Kuchar denied Open glory in the cruellest of fashion

Matt Kuchar must be wondering what he has done to upset the golfing gods.

Starting the final round of The Open Championship in the final group, Kuchar had watched overnight leader Jordan Spieth fritter away his lead in the first four holes, before finding himself in the lead on the 14th tee after Spieth’s incredible bogey five that saw him hit a shot from the Birkdale driving range.

At this point ‘Kuch’, as he is known to his legions of fans, must have been thinking that this was finally his time as his younger playing partner seemed to be conjuring up a repeat of his stunning Masters giveaway of a year earlier.

Then something happened, and there was nothing Kuchar could do about it.

From looking like he was on the way to claiming his long-awaited first major title, Kuchar had the Old Claret Jug dramatically snatched from his grasp as Spieth, who had struggled to hole a putt all day, suddenly started holing everything.

A run of three birdies and an eagle over the next four holes for his rival extinguished Kuchar’s dreams in the cruellest of fashion, his two birdies over the same period amounting to nothing.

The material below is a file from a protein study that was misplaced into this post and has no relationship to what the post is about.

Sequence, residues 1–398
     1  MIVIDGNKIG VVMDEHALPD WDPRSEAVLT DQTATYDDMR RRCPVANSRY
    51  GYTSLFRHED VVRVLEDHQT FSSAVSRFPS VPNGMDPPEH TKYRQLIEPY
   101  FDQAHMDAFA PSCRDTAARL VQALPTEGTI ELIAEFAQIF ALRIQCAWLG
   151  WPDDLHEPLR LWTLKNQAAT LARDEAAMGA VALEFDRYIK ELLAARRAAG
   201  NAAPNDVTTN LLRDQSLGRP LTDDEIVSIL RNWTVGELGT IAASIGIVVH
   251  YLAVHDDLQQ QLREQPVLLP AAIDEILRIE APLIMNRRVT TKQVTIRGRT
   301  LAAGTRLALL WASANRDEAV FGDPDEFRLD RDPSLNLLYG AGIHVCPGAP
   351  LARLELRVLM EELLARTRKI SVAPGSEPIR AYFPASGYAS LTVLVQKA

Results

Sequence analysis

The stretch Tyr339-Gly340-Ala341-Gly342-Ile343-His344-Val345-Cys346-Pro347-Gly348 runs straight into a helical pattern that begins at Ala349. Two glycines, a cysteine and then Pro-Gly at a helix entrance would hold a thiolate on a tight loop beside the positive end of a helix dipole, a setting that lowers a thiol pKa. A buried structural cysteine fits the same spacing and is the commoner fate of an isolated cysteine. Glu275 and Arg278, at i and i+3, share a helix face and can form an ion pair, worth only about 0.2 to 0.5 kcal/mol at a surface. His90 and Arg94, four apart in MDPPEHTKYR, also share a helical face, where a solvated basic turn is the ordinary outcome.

Kuch was left to reflect on how cruel golf, as all professional sports, can sometimes be.

The 39-year old Floridian was understandably frustrated.

“It’s crushing. It hurts,” said Kuchar, who posted his best ever finish in a major, although that will serve as no consolation.

“You work so hard to get to this position and to have a chance to make history and win a championship … you don’t get that many opportunities. To be this close, to taste it with five holes to go, it’s a hard one to sit back and take.

“There is an excitement and a thrill to have played well, put up a battle, put up a fight, but it’s impressive stuff when a guy does something like that. All you can really do is sit back, tip your cap and say ‘well done’.”

And that’s all he can do.

Sometimes you just have to bow to the brilliance of your rival safe in the knowledge there was nothing you could have done, and try to look ahead hopefully to the next opportunity – no matter how much it hurts.